When I am in a dangerous situation, my first goal is to avoid making any more mistakes. With an equal or lesser skilled opponent this means they have gained an upper hand, and I am in danger of a submission or an even worse position. This is rarely the time to attack. With a more skilled opponent, every second of sparring is dangerous. While my goal is to attack the more skilled opponent, reality dictates that I will be spending most of my time in dangerous scenarios, forced to survive. No matter what, if I am in danger, the first goal must be to stay safe and prevent my situation from getting worse.
Once you have identified the failure, it’s important to discover what events led to the error. The easiest way to analyze what went wrong is to have someone coaching you that can look at the situation and apply their greater expertise and their view of the scenario as it happens.
If you don’t have a coach available, the next method of analysis that is available to everyone is to do your best to remember your rolls and look for patterns. If you notice that you are getting armbarred a lot, identify why that is happening. Maybe you have a tendency to push your opponent away and they use that to set up the armbar. Feel free to ask your opponent why they are able to succeed against you. They should be happy to describe what they are using.
Personally, I found that my drive home was an excellent opportunity to review how open mat went and to look for patterns of failure. Often, it’s useful to put myself in my opponents place and try to identify what they could have seen as a trigger to capitalize on my errors. Maybe my hips were a little to high. My neck was exposed. I allowed grips. Simple mistakes, and especially repeated mistakes, will often be intuitively exploited.
One method I have just started to use to analyze my own failures is to take videos of my classes and my open mat rolls. Ironically, I’ve never recorded any of my competition matches. I’m starting to realize how to use this tool for my benefit, and I should have figured this out long before now. Waiting nearly four years to start doing this is just another failure I’ve found.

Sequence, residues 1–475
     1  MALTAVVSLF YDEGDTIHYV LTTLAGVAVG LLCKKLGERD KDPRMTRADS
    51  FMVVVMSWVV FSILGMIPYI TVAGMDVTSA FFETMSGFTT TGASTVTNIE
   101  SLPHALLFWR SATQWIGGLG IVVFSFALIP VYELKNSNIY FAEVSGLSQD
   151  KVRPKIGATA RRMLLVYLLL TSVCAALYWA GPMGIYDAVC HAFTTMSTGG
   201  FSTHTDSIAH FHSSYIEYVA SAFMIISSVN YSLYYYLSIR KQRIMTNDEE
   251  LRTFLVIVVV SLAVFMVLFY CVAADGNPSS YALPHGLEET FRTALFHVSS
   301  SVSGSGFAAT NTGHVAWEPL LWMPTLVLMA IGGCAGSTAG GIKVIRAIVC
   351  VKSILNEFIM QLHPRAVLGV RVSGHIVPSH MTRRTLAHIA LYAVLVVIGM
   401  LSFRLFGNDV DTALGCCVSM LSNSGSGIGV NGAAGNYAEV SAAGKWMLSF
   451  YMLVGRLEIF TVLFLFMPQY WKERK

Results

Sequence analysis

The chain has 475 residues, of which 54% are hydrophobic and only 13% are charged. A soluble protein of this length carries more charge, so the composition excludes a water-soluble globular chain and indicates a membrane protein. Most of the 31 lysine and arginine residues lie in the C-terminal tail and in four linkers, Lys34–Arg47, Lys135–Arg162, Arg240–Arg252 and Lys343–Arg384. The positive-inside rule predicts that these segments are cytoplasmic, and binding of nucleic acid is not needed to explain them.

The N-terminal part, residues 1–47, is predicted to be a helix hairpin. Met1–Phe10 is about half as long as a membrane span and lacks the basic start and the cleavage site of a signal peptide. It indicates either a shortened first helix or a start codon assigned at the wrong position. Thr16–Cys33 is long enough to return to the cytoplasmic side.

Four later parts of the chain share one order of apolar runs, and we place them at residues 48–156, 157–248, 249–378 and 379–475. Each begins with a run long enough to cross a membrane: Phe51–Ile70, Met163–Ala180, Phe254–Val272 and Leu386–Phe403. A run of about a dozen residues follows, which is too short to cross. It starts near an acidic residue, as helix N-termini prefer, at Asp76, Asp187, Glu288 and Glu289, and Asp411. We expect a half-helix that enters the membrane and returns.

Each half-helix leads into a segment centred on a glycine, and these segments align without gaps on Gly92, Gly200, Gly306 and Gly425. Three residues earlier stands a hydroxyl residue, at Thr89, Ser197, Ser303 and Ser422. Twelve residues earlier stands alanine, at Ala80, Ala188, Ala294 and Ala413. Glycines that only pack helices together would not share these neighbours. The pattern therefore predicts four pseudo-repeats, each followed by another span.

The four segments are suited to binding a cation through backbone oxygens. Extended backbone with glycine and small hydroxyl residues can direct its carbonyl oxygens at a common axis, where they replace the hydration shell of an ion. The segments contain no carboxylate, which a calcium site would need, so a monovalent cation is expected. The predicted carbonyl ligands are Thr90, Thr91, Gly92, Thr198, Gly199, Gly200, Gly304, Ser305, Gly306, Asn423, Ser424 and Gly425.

Note that I record myself teaching, as well as sparring. I watch my class when I get home and look for rough spots or areas that I could be more clear the next time I teach that technique. How I instruct is an important facet of my jiu-jitsu, and I look for ways to improve it, just as I do for the rest of my BJJ skills.
In all of this, I can’t stress enough how important it is to look for patterns in personal behavior. These may be things you are telegraphing, such as an extra step before you shoot for a takedown, or it may be a bad habit, such as letting your elbows get away from your body when your opponent is in an attacking position. If you have a pattern of any kind, your opponents will likely learn your patterns, even subconsciously. For teaching, I look for needless habits, such as pauses, awkward phrasing, or accidentally abusing the poor guy I’m demonstrating technique on.
After you have used any or all of the methods above to analyze your game, the next step is to use that knowledge.
Fixing your failures can be tough. A good analysis will immensely help. In the end, it’s all up to you.
The good news is this is BJJ, and the vast majority of us have instructors who are eager to help us fix our problems. They can also assist in the analysis, but it’s not always easy to analyze for a pattern unless you are constantly around the student and looking for problems. In practice, identifying a problem and a starting scenario for your instructor will give them enough to go on. Your instructor will then give you a fix that you will need to incorporate into your game.